Learning English weather idioms will improve your understanding of English. They’re used often, especially in conversations. Most native English speakers will use a few of them several times a week, just out of habit.So below some of these English weather idioms for all kinds of weather.
Weather the storm
This one can be a little confusing. When we say “weather” in English , we’re usually talking about how hot or cold it is outside, or whether it’s rainy, snowy, windy or sunny.
“Weather” can also be a verb (action word), though.
In the idiom “weather the storm,” the word “weather” means “to get through” or “to survive.” “The storm” in this phrase could be any difficult time or challenge.so this idiom means to survive a difficult challenge
It’s raining cats and dogs
This means it’s raining very heavily.
This idiom may come from strange happenings around the world. For hundreds of years, people have talked about “rains of animals.” They’ve mentioned animals such as fish, frogs, birds and snakes falling from the sky like rain.
Come rain or shine
This idiom uses two opposite weather conditions—rain and sunshine—to mean “no matter what happens.”
Life isn’t all rainbows and unicorns or sunshine
Rainbows almost seem too beautiful to be real.Unicorns are a symbol of something fantastic or magical, and most people don’t believe in them. And sunshine is simply beautiful. It makes people think of pure, trouble-free happiness.When you think that someone is being too idealistic, too much of a dreamer, you can remind them that, “life isn’t all rainbows and unicorns.” In other words, there are bad things that happen.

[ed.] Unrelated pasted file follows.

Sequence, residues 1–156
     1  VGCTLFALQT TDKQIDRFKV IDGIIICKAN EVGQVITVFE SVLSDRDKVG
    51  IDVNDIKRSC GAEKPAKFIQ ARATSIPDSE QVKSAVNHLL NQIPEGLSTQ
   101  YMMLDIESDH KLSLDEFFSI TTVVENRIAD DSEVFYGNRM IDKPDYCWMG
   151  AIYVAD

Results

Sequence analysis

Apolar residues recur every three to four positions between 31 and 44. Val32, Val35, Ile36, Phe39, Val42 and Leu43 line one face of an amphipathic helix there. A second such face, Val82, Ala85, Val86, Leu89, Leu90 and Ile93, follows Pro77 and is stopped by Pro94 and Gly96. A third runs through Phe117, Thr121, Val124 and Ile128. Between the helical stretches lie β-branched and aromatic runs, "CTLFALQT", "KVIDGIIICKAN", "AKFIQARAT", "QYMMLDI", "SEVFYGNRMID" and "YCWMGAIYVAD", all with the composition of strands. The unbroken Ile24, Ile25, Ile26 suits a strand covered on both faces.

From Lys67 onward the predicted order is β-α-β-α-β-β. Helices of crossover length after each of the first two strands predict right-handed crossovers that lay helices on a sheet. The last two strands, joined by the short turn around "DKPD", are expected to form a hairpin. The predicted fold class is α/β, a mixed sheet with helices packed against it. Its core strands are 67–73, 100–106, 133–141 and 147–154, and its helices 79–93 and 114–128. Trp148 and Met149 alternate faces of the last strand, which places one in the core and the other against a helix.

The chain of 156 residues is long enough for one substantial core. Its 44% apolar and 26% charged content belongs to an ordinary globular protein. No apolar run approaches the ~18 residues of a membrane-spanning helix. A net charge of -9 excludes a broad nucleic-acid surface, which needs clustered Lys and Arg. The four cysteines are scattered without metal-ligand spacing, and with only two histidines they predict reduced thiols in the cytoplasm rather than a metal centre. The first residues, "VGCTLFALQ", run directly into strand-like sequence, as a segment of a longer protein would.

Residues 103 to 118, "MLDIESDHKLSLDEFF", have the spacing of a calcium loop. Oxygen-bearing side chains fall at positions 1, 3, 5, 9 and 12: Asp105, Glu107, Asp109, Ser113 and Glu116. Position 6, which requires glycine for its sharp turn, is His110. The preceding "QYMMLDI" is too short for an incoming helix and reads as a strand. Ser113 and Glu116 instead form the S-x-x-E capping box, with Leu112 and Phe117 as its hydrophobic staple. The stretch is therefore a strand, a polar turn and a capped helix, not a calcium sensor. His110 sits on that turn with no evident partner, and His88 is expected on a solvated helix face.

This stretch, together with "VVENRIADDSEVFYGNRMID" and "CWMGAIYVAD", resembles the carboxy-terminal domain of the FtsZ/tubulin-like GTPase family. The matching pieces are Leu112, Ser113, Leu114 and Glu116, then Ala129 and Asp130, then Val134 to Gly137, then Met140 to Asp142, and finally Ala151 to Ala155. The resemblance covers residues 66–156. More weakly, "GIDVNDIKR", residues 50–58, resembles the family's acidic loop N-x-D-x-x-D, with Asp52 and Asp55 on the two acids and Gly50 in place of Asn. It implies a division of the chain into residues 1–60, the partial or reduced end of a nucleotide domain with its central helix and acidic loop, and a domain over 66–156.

Something in the wind
“Something in the wind” just means that there are rumors about what might happen.
Throw caution to the wind
When you make a decision to not worry about what might happen, when you don’t care what might result from your actions, you’re “throwing caution to the wind.”Because the wind blows everywhere, changing direction and speed, caution that’s been “thrown to the wind” is basically gone.People often say this when they’ve resolved to do something that might be dangerous or foolish.
Break the ice
When you first meet new people, it can be very awkward to have conversations. The “ice” is the uncomfortable feeling of being around someone you don’t know well.When you “break the ice” with someone, talking to each other becomes easier.
On thin ice
No one wants to be “on thin ice.” It’s very dangerous because thin ice could break at any moment and you could fall into freezing waters.If someone tells you that you’re “on thin ice,” it means that you’ve done or said something to anger them or put yourself in danger.
Snow on the roof
This one is a simple metaphor: A person with “snow on the roof” has white hair.The “roof,” of course, is their head.
Place in the sun
A “place in the sun” is a comfortable, pleasant situation in your life.
It’s a time when everything is going well and you’re truly enjoying your life.